ME33: Fluid Flow Information and Introduction. Eric G. Paterson Department of Mechanical and Nuclear Engineering The Pennsylvania State University Spring 2005. Note to Instructors.
Eric G. Paterson
Department of Mechanical and Nuclear Engineering
The Pennsylvania State University
These slides were developed1 during the spring semester 2005, as a teaching aid for the undergraduate Fluid Mechanics course (ME33: Fluid Flow) in the Department of Mechanical and Nuclear Engineering at Penn State University. This course had two sections, one taught by myself and one taught by Prof. John Cimbala. While we gave common homework and exams, we independently developed lecture notes. This was also the first semester that Fluid Mechanics: Fundamentals and Applications was used at PSU. My section had 93 students and was held in a classroom with a computer, projector, and blackboard. While slides have been developed for each chapter of Fluid Mechanics: Fundamentals and Applications, I used a combination of blackboard and electronic presentation. In the student evaluations of my course, there were both positive and negative comments on the use of electronic presentation. Therefore, these slides should only be integrated into your lectures with careful consideration of your teaching style and course objectives.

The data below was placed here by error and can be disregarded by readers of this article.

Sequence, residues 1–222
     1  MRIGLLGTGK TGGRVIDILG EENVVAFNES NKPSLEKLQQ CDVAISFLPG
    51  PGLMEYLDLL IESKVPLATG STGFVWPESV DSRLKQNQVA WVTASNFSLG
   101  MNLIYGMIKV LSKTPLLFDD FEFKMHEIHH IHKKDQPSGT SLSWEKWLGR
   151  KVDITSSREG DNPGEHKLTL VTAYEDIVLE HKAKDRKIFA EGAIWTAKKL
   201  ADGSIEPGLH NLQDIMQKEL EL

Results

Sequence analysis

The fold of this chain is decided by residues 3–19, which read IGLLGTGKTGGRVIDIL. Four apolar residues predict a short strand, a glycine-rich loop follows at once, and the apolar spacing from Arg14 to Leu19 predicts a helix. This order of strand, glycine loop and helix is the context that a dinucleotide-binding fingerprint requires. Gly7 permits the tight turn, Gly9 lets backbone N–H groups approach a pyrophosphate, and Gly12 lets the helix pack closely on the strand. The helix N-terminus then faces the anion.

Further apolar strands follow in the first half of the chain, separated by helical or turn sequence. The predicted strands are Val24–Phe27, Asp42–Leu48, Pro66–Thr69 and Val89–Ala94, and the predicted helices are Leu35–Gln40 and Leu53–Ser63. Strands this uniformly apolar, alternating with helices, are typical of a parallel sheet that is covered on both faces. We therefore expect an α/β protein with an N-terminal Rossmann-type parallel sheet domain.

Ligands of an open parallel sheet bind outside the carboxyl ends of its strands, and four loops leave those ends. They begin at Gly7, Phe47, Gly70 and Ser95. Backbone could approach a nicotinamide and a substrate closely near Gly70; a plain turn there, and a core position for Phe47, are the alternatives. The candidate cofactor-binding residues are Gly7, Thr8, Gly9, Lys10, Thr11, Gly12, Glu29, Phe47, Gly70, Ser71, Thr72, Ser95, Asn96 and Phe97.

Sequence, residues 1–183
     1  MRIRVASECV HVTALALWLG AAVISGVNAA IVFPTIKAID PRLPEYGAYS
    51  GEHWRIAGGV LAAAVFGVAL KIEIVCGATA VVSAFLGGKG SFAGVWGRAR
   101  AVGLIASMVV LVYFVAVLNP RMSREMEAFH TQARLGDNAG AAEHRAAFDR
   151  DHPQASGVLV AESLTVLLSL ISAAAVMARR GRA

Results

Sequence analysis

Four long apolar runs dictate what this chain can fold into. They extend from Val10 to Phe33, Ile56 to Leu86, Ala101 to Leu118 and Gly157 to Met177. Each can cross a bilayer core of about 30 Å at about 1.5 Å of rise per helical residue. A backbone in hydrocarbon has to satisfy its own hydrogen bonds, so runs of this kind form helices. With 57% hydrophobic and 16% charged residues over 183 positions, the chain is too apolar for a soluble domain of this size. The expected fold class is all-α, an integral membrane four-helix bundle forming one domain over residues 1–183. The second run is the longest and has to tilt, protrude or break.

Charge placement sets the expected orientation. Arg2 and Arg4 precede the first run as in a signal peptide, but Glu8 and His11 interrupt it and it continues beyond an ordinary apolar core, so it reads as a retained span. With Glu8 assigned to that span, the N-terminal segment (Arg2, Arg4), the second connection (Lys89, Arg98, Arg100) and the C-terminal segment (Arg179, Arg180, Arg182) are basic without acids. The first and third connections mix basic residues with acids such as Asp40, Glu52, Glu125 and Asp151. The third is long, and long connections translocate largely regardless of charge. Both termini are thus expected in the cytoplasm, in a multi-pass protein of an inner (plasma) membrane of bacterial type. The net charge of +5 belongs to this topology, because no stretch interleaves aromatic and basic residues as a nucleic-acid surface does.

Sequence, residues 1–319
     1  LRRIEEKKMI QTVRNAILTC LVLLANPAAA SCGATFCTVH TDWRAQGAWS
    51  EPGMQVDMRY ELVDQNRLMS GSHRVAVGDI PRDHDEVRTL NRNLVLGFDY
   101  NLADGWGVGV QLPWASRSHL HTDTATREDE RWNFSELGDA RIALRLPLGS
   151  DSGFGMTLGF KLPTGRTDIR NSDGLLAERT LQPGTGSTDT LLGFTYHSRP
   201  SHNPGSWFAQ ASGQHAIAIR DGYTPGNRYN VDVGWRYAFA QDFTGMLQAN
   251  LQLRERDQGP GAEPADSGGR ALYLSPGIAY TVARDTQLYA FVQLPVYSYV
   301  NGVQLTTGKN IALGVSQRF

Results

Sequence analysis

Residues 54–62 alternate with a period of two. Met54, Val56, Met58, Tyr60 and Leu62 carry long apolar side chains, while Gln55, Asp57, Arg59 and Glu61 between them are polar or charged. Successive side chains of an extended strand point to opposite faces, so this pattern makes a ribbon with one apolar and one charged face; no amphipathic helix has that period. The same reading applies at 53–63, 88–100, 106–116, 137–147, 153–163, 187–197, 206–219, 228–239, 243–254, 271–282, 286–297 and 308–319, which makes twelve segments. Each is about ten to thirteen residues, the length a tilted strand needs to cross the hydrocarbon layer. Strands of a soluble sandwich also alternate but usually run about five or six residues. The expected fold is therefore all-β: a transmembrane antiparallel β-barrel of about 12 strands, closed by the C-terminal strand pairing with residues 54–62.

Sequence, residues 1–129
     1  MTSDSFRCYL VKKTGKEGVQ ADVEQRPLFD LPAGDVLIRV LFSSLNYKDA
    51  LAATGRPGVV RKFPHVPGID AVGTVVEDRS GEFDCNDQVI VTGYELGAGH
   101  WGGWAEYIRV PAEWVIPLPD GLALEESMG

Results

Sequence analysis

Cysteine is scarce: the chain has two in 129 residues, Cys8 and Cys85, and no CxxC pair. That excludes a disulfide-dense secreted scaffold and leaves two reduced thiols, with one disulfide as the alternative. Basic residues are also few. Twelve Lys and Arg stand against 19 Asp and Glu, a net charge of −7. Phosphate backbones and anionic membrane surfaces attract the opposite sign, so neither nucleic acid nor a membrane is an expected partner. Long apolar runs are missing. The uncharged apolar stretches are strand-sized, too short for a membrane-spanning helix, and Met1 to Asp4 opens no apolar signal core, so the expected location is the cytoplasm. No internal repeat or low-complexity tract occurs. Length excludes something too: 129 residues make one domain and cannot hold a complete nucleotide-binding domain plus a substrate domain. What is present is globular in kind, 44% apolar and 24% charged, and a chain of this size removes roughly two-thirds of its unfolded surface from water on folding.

Penn State, University Park
1 These slides were originally prepared using the LaTeX typesetting system (http://www.tug.org/)
and the beamer class (http://latex-beamer.sourceforge.net/), but were translated to PowerPoint for
wider dissemination by McGraw-Hill.
How fast do tsunamis travel in the deep ocean?
Incompressible Navier-Stokes equations
Linearized wave equation for inviscid, irrotational flow
Shallow-water approximation, l/h >> 1
For g = 32.2 ft/s2 and h=10000 ft, c=567 ft/s = 387 miles/hr
Animation by Vasily V. Titov, Tsunami Inundation Mapping Efforts, NOAA/PMEL